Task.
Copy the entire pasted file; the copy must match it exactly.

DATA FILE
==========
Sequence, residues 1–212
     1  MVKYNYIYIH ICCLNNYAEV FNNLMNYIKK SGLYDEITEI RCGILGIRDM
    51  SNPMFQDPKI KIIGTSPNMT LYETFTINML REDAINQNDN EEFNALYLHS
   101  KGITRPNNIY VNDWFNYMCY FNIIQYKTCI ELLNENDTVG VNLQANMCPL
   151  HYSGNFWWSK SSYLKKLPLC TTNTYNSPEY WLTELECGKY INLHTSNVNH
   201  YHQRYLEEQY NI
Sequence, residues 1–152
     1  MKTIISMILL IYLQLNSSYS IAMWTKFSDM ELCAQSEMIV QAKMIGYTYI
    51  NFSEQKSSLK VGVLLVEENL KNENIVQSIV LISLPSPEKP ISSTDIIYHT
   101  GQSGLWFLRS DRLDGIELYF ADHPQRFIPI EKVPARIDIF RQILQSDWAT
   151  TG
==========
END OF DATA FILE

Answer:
Sequence, residues 1–212
     1  MVKYNYIYIH ICCLNNYAEV FNNLMNYIKK SGLYDEITEI RCGILGIRDM
    51  SNPMFQDPKI KIIGTSPNMT LYETFTINML REDAINQNDN EEFNALYLHS
   101  KGITRPNNIY VNDWFNYMCY FNIIQYKTCI ELLNENDTVG VNLQANMCPL
   151  HYSGNFWWSK SSYLKKLPLC TTNTYNSPEY WLTELECGKY INLHTSNVNH
   201  YHQRYLEEQY NI
Sequence, residues 1–152
     1  MKTIISMILL IYLQLNSSYS IAMWTKFSDM ELCAQSEMIV QAKMIGYTYI
    51  NFSEQKSSLK VGVLLVEENL KNENIVQSIV LISLPSPEKP ISSTDIIYHT
   101  GQSGLWFLRS DRLDGIELYF ADHPQRFIPI EKVPARIDIF RQILQSDWAT
   151  TG